GE's Campbell Retiring; Blankenship To Head Majaps

Publish date:
Updated on


GE appliance and lighting chief Jim Campbell will retire after 30 years with the company on Dec. 31, to be succeeded in majaps by GE aviation exec Charles “Chip” Blankenship.

Blankenship previously served as VP/general manager for GE Aviation’s commercial engines operation. He joined GE in 1992 as a staff scientist at the Global Research Center, and later served as general manager for Aero Energy, a division of GE Energy.

In his new role as president/CEO of GE Appliances, he is expected to extend the appliance division’s recent entry into home energy management products and services. He reports to Charlene Begley, president/ CEO of GE Home & Business Solutions.

“Chip brings a wealth of business leadership and program and product management expertise” to his new role, Begley said. “We see tremendous opportunity to leverage his background and look forward to growth under his leadership.”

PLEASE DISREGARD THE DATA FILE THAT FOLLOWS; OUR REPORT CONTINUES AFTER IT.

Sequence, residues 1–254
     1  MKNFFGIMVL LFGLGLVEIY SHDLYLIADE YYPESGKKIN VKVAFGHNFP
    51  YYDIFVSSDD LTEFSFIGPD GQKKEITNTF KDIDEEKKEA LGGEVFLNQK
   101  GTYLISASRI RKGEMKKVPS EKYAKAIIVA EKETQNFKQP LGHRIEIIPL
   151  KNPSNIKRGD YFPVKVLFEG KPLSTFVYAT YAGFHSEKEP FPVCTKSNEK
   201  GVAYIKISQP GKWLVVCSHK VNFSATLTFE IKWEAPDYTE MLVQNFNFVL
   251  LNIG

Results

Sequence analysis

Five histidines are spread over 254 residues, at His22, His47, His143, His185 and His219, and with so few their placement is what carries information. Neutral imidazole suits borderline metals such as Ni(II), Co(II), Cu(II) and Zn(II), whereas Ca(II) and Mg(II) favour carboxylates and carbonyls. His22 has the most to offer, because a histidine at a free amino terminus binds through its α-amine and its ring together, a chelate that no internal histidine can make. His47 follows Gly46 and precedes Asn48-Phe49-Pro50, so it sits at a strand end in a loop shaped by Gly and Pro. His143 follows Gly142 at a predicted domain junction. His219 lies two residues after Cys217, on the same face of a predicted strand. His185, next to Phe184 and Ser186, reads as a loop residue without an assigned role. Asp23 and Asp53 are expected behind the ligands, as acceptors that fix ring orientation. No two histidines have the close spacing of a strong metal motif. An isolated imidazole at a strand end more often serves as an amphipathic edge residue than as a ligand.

Campbell joined GE in 1981 as a Northeast region sales/marketing trainee for GE Appliances. By 1992 he relocated to corporate headquarters, here, to lead the division’s marketing, sales and product management organizations. He was appointed sales and marketing VP and a GE company officer in 1999, and two years later was named president/CEO of GE Appliances.

A corporate senior VP, Campbell later served as president/CEO of GE Consumer Products and GE Consumer & Industrial.

Over the last three years he presided over a $1 billion re-investment in domestic majap infrastructure, renegotiated terms with his factory workforce, and secured government tax incentives to bring much of the division’s R&D and production back to the U.S. as it prepares for a new generation of “smart” appliances.

“It is with immense gratitude that we’d like to recognize Jim for his dedicated service to GE,” Begley said. “In his three decades of service to our company, Jim has distinguished himself as a leader known for his passionate focus on the customer and his employee development and advocacy.”


Related Articles